"Greek, sir, is like lace; every man gets as much of it as he can." (Samuel Johnson)
This site catalogues the results of our on-going campaign to produce high-quality OCR of polytonic, or 'ancient', Greek texts in a HPC environment. It comprises 1350 volumes, principally from archive.org, but also from original scans and other resources. There are over 12 million pages of OCR output in total, including experimental and rejected results.
Results are presented in a hierarchical organization, beginning with the volume identifier. Each of these are associated with one or more 'runs', or attempts at OCRing this volume. A run has a date stamp and is associated with a classifier and an aggregate best b-score (roughly indicating quality of Greek output.) Each run produces various kinds of output. The most important of these are:
raw hocr output:the data generated by our OCR process, usually with multiple copies for each page, rendered at a range of binarization thresholds
selected hocr output:a filtered version of the data in (1), with each page image represented by a single, best, output page. Output based in an older process also provide the following steps:
blended hocr output:the data in (2), but replaced with the corresponding words from the
rawoutput in (1), should the
selectedpage not comprise a dictionary word and one of the
rawpages comprises one.
selected hocr output spellchecked:the data in (3) processed through a weighted levenshtein distance spellchecking algorithm that is meant to correct simple OCR errors
combined hocr output:where archive.org provides OCR output for Latin script (not Greek), this final step pieces together the data in (4) with archive's output, preferring archive's output where our output suggests that the data is Latin. If archive.org provides Greek output, this step is no different from (4)
These data were generated with two different OCR processes. All results since 2014 employed the Ciaconna Greek OCR process. This is based on the Ocropus open source engine, with custom classifiers, image preprocessing and spell-check routines written in Python. Ciaconna's high-level scripts are integrated with Compute Canada's Sharcnet scheduling software, since that facilities' resources were used to generate these results.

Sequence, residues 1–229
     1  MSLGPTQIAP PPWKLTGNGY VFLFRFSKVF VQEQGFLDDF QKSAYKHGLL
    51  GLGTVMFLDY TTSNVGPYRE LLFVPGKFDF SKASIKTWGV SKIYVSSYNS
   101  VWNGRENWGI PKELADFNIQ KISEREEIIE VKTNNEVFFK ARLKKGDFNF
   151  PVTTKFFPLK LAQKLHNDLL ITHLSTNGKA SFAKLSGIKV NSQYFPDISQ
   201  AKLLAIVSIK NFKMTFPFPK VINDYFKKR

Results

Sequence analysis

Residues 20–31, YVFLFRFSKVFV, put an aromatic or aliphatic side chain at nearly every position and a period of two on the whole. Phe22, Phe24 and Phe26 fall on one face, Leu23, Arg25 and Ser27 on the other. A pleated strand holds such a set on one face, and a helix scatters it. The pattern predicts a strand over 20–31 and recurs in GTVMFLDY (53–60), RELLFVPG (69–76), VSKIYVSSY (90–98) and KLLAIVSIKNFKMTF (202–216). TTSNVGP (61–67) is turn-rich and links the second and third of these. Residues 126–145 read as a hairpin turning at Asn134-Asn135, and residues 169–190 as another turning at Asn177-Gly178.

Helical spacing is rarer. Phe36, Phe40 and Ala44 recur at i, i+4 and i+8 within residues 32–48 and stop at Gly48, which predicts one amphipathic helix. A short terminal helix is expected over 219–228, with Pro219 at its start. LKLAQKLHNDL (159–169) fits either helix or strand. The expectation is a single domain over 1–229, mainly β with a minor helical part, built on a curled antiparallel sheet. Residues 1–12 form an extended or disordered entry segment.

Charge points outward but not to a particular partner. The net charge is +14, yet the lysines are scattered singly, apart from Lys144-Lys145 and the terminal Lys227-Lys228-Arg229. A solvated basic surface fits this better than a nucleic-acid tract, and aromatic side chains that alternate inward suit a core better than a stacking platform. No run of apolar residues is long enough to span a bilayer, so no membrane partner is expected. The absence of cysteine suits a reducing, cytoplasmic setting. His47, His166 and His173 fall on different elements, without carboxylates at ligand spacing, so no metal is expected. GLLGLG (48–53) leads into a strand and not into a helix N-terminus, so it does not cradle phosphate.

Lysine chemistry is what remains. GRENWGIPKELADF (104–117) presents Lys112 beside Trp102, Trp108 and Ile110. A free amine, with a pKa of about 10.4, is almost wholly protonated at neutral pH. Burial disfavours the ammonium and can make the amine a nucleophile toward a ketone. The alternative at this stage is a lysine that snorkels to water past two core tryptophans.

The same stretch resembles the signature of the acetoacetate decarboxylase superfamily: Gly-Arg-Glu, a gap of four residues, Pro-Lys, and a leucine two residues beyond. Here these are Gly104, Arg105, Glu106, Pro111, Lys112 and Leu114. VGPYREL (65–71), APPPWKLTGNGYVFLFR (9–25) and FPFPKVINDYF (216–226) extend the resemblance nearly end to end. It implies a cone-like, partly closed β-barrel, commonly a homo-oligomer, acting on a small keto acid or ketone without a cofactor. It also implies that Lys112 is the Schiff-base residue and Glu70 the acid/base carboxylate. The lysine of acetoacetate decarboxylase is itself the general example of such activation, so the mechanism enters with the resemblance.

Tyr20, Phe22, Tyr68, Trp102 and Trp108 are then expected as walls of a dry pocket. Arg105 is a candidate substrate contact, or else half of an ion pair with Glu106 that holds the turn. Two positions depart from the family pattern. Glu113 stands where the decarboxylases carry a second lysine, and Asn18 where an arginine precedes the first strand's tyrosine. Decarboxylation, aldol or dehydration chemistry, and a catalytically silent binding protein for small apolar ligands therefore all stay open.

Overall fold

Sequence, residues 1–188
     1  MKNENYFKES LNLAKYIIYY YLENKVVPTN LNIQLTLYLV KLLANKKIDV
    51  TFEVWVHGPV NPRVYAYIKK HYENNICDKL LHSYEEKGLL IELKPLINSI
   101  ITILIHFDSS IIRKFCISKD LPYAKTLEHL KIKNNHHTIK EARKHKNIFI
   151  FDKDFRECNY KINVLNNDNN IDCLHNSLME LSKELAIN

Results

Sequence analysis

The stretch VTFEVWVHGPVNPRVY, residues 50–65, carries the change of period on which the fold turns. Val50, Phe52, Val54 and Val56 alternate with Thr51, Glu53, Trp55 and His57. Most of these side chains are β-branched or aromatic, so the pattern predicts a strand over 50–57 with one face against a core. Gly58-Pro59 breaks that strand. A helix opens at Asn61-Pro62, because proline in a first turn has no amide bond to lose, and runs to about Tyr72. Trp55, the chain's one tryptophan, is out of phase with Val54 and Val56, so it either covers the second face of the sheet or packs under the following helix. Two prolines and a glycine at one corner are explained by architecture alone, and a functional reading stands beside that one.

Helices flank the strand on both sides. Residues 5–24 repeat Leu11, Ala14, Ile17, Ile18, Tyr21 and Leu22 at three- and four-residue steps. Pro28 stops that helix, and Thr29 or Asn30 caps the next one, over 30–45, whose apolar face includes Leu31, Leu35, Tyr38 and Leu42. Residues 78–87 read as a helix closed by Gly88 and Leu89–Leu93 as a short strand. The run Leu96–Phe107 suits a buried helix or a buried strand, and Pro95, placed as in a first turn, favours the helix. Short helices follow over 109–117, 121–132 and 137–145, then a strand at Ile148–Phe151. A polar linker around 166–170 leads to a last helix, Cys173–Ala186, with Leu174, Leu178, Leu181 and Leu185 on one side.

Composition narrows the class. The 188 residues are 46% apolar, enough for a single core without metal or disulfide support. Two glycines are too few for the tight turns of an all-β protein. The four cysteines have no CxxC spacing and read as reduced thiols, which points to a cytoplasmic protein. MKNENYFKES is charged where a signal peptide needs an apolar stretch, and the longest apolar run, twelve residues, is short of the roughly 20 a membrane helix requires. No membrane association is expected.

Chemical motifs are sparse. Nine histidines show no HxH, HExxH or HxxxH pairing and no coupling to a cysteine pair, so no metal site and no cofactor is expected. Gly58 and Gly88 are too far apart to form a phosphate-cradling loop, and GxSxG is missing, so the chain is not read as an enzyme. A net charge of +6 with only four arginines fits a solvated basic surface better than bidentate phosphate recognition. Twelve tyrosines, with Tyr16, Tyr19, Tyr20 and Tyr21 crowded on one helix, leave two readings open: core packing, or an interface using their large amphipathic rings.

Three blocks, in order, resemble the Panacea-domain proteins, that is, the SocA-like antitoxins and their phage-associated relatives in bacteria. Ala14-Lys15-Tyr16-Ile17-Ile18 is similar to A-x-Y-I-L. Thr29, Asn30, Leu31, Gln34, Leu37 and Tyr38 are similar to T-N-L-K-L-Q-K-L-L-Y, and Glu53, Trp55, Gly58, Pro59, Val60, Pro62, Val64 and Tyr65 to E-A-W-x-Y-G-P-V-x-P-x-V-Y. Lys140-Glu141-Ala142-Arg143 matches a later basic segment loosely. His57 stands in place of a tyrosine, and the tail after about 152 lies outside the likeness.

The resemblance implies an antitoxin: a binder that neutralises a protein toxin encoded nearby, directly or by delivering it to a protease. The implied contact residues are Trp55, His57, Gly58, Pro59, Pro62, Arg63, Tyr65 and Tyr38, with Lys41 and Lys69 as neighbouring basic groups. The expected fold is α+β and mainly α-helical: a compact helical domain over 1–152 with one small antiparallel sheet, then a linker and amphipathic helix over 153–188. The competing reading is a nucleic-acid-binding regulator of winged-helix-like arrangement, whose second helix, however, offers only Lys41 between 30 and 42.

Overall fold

The earlier process, used from 2012 - 2014, is named 'Rigaudon' and is based on the Gamera image processing library. All code and classifiers for Rigaudon are posted in a github repository. This holds the modified Gamera source code, ancillary python scripts such as the spellcheck engine, and the bash scripts that coordinate the process in a HPC environment through Sun Grid Engine.
Details of Rigaudon's operation are outlined in a white paper.
Our July 2013 presentation at the London Digital Classicist seminar series is available online from the Institue of Classical Studies.
Web Editing Software
The Lace editing and visualizing software you are now using is available as a package for eXist-db in a GitHub Repository. A previous version of Lace, which used Python Flask is also archived on GitHub.
This is a continuation of efforts begun through the Digging Into Data Round I project Toward Dynamic Variorum Editions, in which -- as the project white paper notes -- we discovered both the tantalizing potential of Greek OCR and the poor results that OCR engines at that time produced when operating at scale.
In order to bootstrap that process, we adapted the most extensible and successful of the frameworks to that date, the Gamera Greek OCR engine by Dalitz and Brandt. Using the AceNET HPC environment we analyzed a sample of the Google Greek and Latin corpus with twenty classifiers composed by Canadian undergraduate students. From this, we produced a quantitative report on the efficacy of our modified OCR code.
On the basis of this work, we received a 2012/2013 Humanities Computing Grant from Compute Canada, making this large-scale processing possible.
This work has benefited from the support of:
- NEH, JISC, SSHRC, though Digging into Data I
- Compute Canada, which provided the use of a dedicated machine and continues to provide computing resources
- The New Brunswick Innovation Foundation (Canada)
- ILC-CNR, Pisa, which facilitated meetings
- Greg Crane, whose supportiveness is as unbounded as his enthusiasm